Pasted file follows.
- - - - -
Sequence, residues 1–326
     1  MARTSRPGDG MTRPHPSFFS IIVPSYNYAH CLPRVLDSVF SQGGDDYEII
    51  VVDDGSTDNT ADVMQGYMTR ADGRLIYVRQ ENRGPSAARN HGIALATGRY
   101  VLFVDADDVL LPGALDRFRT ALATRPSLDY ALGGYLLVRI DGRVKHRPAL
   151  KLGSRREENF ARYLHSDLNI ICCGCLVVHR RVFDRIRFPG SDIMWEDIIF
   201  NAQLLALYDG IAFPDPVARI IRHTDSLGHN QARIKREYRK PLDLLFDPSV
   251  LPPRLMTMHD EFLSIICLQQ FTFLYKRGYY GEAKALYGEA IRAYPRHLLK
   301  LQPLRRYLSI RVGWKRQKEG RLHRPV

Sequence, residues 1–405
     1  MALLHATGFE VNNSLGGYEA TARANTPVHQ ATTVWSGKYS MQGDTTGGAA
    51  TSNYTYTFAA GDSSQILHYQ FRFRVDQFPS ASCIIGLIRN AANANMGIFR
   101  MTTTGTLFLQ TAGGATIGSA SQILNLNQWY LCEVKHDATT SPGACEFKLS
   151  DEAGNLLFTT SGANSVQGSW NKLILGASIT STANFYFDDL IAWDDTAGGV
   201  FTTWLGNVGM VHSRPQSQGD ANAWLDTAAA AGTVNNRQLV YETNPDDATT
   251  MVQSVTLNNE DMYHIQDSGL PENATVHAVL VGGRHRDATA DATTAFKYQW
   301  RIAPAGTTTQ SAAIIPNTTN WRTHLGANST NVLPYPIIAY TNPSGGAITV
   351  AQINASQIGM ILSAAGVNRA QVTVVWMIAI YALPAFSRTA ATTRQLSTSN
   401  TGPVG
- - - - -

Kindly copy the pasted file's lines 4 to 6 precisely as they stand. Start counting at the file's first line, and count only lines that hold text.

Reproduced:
   101  VLFVDADDVL LPGALDRFRT ALATRPSLDY ALGGYLLVRI DGRVKHRPAL
   151  KLGSRREENF ARYLHSDLNI ICCGCLVVHR RVFDRIRFPG SDIMWEDIIF
   201  NAQLLALYDG IAFPDPVARI IRHTDSLGHN QARIKREYRK PLDLLFDPSV